Compensation Claims to the Injuries Board Remain Stable
The number of compensation claims to the Injuries Board remained stable throughout 2014 according to figures released in the organisation´s annual review.
During 2014, 31,576 compensation claims to the Injuries Board (2013 – 31,311 claims) resulted in 12,420 assessments being accepted (2013 – 10,656 accepted assessments) resulting in a total award value of €281.2 million (2013 – €243.5 million).
The discrepancy between the two year´s acceptance rates (2014 – 39% / 2013 – 34%) is attributable to a large volume of compensation claims to the Injuries Board being received towards the end of 2013 which were not resolved until 2014. The Injuries Board reported a slight decrease in the length of time it took to process an injury claim.
The annual review also revealed a slight decrease in the average assessment of an injury claim (€22,642 from €22,847), although there was a significant increase in the average value of a claim for an injury at work (€32,134 from €28,886). The largest single assessment was made for a claim for an injury at work – €972,898 being related to an employer liability claim.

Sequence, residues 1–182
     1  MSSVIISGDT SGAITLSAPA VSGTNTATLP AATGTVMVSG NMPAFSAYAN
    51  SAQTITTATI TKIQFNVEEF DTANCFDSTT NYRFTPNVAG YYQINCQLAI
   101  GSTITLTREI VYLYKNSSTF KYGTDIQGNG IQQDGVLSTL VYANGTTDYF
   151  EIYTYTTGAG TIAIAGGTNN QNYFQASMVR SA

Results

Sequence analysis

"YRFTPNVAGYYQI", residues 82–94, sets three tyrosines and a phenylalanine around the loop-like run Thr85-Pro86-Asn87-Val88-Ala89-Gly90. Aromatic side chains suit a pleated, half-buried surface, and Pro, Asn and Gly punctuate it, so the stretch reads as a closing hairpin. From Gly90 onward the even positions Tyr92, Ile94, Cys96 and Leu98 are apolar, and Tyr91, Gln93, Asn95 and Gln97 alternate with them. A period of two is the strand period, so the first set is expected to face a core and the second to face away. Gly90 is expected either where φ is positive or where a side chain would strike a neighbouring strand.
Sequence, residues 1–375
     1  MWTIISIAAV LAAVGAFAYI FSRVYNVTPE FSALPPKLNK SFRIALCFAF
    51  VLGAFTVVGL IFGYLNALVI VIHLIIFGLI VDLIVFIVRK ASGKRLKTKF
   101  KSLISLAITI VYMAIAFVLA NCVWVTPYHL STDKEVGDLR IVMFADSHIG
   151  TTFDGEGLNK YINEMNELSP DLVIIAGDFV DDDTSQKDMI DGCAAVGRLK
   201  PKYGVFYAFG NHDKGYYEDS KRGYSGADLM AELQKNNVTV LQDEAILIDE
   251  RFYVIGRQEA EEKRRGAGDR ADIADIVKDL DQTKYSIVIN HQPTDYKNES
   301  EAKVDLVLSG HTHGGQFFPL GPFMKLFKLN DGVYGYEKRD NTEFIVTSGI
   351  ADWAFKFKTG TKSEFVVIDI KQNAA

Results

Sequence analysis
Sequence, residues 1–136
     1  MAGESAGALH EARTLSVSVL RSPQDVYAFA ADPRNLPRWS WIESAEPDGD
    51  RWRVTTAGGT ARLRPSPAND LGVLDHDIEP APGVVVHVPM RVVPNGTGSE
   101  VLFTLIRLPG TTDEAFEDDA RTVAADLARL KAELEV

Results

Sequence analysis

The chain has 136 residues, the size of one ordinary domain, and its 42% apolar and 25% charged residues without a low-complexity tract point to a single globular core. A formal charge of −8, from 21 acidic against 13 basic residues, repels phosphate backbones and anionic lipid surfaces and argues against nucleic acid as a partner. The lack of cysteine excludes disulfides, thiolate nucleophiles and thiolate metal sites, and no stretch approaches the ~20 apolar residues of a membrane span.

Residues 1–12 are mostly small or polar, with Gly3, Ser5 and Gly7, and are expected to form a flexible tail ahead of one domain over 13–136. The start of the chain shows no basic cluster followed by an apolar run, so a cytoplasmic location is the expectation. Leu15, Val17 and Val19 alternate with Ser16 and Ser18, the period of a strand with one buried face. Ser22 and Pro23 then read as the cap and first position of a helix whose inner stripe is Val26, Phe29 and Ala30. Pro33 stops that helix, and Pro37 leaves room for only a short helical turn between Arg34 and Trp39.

Commenting on the figures contained within the annual review, Patricia Byron – the Chief Executive of the Injuries Board – said: “While the volume of new claims stabilized last year, the increase in the number of awards made by the Board is a clear indication that more respondents, typically insurers, are opting to engage with our low cost claims resolution service and recognize the real value of avoiding unnecessary and costly litigation where uncontested claims are concerned”.
Ms Byron continued: “2014 was an important year for us as we marked a decade in operation. As a result of our journey, personal injury compensation is now delivered in 7 months and at a processing cost of 6.7%, compared to almost 3 years and a cost of 58% for litigated claims. With over €1 billion in savings delivered to date and a ten year track record behind us, the benefits of non-adversarial claims resolution are unequivocal.”